El inglés es el idioma de control de esta página. En la medida en que haya algún conflicto entre la traducción al inglés y la traducción, el inglés prevalece.
Al hacer clic en el enlace de traducción se activa un servicio de traducción gratuito para convertir la página al español. Al igual que con cualquier traducción por Internet, la conversión no es sensible al contexto y puede que no traduzca el texto en su significado original. NC State Extension no garantiza la exactitud del texto traducido. Por favor, tenga en cuenta que algunas aplicaciones y/o servicios pueden no funcionar como se espera cuando se traducen.
English is the controlling language of this page. To the extent there is any conflict between the English text and the translation, English controls.
Clicking on the translation link activates a free translation service to convert the page to Spanish. As with any Internet translation, the conversion is not context-sensitive and may not translate the text to its original meaning. NC State Extension does not guarantee the accuracy of the translated text. Please note that some applications and/or services may not function as expected when translated.Collapse ▲
Live Video Link at Bottom!
Welcome to Embryology 2020!
This year, due to COVID-19, our embryology projects in 2nd-grade classrooms were cut short, but we had an idea! We’ve added pictures, a video and worksheets to this page to help you still enjoy the embryology project. Be sure to check back here on March 30th for a sneak peek inside the incubators!
Eggs were placed in incubators on March 10 and candled on March 17. Hatching should begin late on March 30 and run through March 31.
Why do we do embryology programming?
Children have a natural sense of curiosity about living things in the world around them. Building on this curiosity, students can develop an understanding of biology concepts through direct experience with living things, their life cycles, and their habitats. Many believe that students learn best through their experiences and interactions with the world. They learn by listening, observing, experimenting and applying their knowledge to real-world situations. An additional goal of 4-H programming is to help students develop life skills. Life skills are abilities that help an individual live a productive and satisfying life.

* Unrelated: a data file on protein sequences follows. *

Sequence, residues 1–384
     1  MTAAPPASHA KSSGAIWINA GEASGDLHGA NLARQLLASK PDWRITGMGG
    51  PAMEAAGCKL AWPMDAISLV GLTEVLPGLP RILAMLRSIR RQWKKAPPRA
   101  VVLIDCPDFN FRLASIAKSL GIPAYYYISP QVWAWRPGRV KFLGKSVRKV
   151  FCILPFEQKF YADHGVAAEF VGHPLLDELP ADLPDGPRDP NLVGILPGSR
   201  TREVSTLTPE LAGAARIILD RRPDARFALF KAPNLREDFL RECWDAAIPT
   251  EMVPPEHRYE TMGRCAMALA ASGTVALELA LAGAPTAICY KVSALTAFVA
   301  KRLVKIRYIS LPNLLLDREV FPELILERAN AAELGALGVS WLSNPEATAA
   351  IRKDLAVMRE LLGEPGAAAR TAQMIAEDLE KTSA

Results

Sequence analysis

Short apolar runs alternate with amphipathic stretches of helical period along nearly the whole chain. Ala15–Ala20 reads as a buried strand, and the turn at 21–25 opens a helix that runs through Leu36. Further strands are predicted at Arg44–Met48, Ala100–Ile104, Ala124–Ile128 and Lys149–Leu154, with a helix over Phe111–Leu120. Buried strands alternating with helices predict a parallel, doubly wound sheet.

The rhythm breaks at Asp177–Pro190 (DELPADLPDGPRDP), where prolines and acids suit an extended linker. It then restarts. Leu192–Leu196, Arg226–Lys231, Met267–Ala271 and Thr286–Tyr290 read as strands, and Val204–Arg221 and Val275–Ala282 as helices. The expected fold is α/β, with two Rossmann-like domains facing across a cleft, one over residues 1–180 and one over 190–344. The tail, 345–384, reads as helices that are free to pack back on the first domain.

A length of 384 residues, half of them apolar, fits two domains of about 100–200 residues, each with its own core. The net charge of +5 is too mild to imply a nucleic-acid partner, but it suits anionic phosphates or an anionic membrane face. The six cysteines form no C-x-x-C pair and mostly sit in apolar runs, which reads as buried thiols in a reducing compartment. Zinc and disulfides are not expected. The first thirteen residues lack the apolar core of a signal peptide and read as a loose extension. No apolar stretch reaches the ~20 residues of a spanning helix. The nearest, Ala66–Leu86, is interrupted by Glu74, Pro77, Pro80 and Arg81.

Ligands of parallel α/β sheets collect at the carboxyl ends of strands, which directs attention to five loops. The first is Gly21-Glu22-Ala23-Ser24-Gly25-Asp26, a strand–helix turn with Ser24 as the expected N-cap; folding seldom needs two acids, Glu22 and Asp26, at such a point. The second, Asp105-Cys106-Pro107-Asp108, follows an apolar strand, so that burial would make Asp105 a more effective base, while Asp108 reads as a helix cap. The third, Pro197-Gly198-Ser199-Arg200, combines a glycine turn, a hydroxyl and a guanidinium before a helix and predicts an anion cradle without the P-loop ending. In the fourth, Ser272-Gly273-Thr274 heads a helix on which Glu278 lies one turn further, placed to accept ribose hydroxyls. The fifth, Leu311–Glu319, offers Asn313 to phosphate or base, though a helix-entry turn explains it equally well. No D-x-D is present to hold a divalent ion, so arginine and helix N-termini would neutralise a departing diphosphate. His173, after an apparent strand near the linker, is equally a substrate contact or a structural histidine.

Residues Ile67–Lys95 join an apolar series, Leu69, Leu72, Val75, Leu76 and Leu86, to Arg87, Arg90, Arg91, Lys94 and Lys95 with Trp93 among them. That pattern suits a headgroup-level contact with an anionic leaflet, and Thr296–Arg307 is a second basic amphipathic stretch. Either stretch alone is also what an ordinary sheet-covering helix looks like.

We candled an egg that was at Bogue Sound Elementary and recorded it. See the video of the embryo moving inside the egg while candling!
Want to learn more on your own? Download the Embryology Worksheets!
Watch an animated version of Chicken Embryo Development.
Watch this video to see how chickens get oxygen while in their shell.
Hey Parents! Want to make sure they got the correct answers? Click on the answers link.
It’s Day 11!
Development is really starting to speed up. If we could see our chick, it would look something like this:
The legs of the chick are beginning to get scales and its claws are growing and starting to curl. The abdominal wall is established and the intestines are more visible. The intestine is also pushing its way back into the yolk sac, which it will fully absorb before hatching. Feathers are beginning to appear and the comb and wattles are developing. The chick will grow so rapidly now, you are likely to see just a large shadow moving if you candled the egg up until hatching.
Check out this candling video on day 11!
Want to learn more? Download these Embryology 2 Worksheets.
Parents – here’s the Embryology 2 Answers.
It’s Hatch Day!
Today is the day! We had two chicks hatch overnight. This is not unusual – some breeds will hatch a little early and some a little later than the set hatch day.
See them hatch. Start watching the video at 3:15 to see the first chick and 4:31 for the second.
A live feed has been set up to run through today (3.30.20). The video is still available for viewing.
Chicks are in the Brooder!
Most of the chicks have hatched and are in the brooder. See them here. We will be adding chicks as they hatch and dry.